The material on this site is for financial institutions, professional investors and their professional advisers. It is for information only. Please read our Terms & Conditions, Privacy Policy and Cookiesbefore using this site. Please see our Subscription Terms and Conditions.

All material subject to strictly enforced copyright laws. © 2022 Euromoney, a part of the Euromoney Institutional Investor PLC.

June 2004

all page content

all page content

Main body page content


  • Free money and a profligate fiscal policy in the US have achieved the near impossible - job creation. But don't count on a sustained upswing and meanwhile look to equities as the asset of last resort.
  • When WestLB put the venerable but slightly dishevelled corporate broker Panmure Gordon up for sale in January 2004 it was probably rather surprised to find 35 bidders competing for the toy it had got bored with.
  • The publication of Turkey's first set of corporate governance guidelines and plans for a new index on the ISE measuring compliance are encouraging. But the high level of family ownership is an impediment to good practice.
  • If you ask a trader to explain the emotional relationship he has with his positions, you will usually be met with a gruff rebuff.
  • Development bank AFD's issue offered government-style risk with enhanced yield. That was a winning formula with investors, whose interest rapidly took the e300 million deal's book to e1.2 billion.
  • It seems Bank of England governor Mervyn King?s love of football is catching on at the UK?s central bank.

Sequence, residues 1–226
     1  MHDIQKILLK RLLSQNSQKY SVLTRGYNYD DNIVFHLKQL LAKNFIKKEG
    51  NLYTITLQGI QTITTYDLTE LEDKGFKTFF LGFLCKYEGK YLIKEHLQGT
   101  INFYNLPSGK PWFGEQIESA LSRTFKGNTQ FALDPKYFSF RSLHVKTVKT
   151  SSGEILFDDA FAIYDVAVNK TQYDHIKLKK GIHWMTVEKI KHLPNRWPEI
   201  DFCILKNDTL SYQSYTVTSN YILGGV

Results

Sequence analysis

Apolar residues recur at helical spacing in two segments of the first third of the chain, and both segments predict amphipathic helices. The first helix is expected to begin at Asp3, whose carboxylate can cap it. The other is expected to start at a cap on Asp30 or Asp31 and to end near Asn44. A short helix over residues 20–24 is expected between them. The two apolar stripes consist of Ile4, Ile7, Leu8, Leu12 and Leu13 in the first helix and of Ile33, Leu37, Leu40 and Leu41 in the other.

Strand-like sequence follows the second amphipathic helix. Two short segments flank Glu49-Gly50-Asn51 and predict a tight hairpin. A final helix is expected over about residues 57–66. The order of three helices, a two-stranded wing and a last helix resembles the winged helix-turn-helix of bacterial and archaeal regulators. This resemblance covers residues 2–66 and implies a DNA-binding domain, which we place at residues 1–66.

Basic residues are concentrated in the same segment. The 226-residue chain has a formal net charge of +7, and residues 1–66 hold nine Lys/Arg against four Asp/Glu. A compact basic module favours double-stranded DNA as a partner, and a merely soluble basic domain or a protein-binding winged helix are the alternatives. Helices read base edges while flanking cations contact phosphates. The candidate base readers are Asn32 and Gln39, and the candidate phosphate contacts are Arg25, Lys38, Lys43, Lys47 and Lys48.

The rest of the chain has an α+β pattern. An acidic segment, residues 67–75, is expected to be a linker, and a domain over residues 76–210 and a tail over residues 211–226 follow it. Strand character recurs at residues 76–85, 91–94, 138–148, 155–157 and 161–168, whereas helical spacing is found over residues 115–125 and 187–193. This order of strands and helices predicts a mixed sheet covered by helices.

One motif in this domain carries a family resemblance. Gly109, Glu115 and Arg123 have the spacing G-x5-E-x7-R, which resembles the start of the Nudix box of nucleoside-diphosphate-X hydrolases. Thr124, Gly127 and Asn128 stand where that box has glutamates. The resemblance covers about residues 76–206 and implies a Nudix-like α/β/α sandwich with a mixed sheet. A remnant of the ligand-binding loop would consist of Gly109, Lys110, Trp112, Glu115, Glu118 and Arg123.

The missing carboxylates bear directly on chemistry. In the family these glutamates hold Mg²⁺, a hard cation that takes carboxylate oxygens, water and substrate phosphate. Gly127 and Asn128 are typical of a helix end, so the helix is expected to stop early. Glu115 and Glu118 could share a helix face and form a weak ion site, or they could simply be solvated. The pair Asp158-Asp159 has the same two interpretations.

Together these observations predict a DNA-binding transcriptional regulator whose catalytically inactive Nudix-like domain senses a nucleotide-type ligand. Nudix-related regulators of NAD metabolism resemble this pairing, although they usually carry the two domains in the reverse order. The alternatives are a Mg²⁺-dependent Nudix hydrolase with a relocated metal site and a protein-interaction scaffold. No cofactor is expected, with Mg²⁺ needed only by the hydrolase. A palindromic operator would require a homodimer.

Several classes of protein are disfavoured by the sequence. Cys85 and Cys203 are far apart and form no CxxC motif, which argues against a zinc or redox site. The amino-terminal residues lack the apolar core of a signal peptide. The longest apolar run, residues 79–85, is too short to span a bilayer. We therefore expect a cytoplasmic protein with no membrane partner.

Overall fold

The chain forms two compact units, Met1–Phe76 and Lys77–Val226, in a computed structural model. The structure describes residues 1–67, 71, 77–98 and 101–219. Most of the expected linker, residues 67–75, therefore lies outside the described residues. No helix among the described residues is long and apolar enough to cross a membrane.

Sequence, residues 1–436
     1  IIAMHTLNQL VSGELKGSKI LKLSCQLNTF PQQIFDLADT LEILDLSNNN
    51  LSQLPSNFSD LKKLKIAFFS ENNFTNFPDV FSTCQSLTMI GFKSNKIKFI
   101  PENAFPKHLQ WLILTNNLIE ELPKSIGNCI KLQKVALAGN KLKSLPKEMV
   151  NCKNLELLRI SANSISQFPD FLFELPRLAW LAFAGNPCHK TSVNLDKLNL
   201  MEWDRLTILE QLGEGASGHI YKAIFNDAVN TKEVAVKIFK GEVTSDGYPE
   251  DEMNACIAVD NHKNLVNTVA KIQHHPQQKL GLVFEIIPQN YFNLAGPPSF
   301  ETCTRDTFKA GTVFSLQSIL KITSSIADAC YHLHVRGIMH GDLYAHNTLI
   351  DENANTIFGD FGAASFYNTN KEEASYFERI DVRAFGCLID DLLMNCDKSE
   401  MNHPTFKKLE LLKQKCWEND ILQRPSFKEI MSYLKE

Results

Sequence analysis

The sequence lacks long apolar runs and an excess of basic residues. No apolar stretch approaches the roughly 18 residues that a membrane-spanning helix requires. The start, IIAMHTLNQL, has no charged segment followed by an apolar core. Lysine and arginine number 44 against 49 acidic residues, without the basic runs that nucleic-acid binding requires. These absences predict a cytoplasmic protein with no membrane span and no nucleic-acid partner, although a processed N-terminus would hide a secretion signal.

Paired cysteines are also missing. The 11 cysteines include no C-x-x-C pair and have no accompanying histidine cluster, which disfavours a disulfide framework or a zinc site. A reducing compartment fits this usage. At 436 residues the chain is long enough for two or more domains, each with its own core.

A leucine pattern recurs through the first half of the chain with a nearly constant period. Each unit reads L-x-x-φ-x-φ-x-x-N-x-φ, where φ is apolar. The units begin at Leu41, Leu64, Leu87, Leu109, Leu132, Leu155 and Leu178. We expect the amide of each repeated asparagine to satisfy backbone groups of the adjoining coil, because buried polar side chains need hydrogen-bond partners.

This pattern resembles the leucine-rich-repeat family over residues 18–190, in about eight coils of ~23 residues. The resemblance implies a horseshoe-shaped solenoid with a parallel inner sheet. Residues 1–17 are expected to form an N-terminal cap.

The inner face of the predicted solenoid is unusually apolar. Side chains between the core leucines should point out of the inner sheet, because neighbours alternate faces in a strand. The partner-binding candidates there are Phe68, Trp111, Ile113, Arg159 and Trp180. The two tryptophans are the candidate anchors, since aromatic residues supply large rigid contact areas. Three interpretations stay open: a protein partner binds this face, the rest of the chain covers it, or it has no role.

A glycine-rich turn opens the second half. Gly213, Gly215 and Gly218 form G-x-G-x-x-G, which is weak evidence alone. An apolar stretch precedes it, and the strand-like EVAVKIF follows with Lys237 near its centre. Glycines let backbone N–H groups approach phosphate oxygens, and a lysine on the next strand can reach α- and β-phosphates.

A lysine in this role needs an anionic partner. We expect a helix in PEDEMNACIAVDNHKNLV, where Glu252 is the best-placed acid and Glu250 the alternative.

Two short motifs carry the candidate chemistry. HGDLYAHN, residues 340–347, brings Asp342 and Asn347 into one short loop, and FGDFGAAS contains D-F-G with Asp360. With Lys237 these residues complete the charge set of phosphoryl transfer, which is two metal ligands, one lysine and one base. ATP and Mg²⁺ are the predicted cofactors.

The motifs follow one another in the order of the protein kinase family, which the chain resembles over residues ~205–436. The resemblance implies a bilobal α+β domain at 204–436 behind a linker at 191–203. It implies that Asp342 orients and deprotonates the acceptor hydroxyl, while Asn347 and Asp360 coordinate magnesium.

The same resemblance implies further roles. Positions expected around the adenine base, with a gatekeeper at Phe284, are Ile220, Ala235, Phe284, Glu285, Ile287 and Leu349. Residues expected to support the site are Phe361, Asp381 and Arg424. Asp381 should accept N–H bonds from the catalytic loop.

• It was a case of save the whales but lose the CEO on the island of Sakhalin off the far-east coast of Russia last month. Sakhalin Energy, a multi-billion dollar oil and gas project whose majority shareholder is Shell, is rethinking plans to build an offshore pipeline in the Piltun-Astokhskoye field ?to ensure minimal disturbance to the western grey whale?.
  • The panic selling that hit high-yield bonds, high-yield currencies, and emerging-country debt and equity markets last month has utterly destroyed market consensus.
  • The promised crisis never came and instead last year turned out to be a good one for most banks. This year is set to be even better as banking becomes structurally ever safer, though it will never be entirely risk free.
  • Economic recovery in Japan is not expected to be accompanied by a rush of corporates to the bond markets. Many companies are still paying down debt and those that are borrowing can do so relatively cheaply through bank lending. Nevertheless, there are signs of growing activity from Japanese credits both domestically and in international markets.
  • M&A activity in Australia, which has the largest M&A market in the Asia Pacific ex-Japan region, is set to grow by 20% this year, according to JPMorgan.
  • Continuous Linked Settlement (CLS), the electronic settlement network for foreign exchange, is handling a growing proportion of transactions globally, according to a new report.
  • There was great potential for confusion at Deutsche Bank?s London office one day last month. Standing in the grand reception area was a large sign bearing the words ?Welcome to Marks and Spencer?.
  • UK bankers depressed by the size of their last bonus should stop reading now. The news gets worse.
  • BNP Paribas has long been a staunch supporter of tennis and is firmly connected with the French Open championships at Roland Garros in Paris. But the surprising success of Tim Henman this year will surely have raised Gallic eyebrows.
  • There is rarely much middle ground between deluge and drought in Hong Kong's IPO market, which is powered by a powerful but fickle wall of retail money. The failure of several high-profile issues has started to claim victims. With mainland China's increasing reliance on Hong Kong to absorb issues from its frantic restructuring efforts, a market closure could have a serious impact.